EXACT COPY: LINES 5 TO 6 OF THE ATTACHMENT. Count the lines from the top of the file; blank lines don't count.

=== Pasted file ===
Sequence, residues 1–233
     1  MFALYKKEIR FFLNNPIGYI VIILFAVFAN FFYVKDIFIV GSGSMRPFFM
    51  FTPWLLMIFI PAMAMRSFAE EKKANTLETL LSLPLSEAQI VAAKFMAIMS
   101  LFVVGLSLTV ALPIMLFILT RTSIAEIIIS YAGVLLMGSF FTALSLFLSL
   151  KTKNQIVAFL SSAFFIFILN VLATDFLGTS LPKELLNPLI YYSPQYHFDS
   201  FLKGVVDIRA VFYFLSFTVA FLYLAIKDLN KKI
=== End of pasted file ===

   151  KTKNQIVAFL SSAFFIFILN VLATDFLGTS LPKELLNPLI YYSPQYHFDS
   201  FLKGVVDIRA VFYFLSFTVA FLYLAIKDLN KKI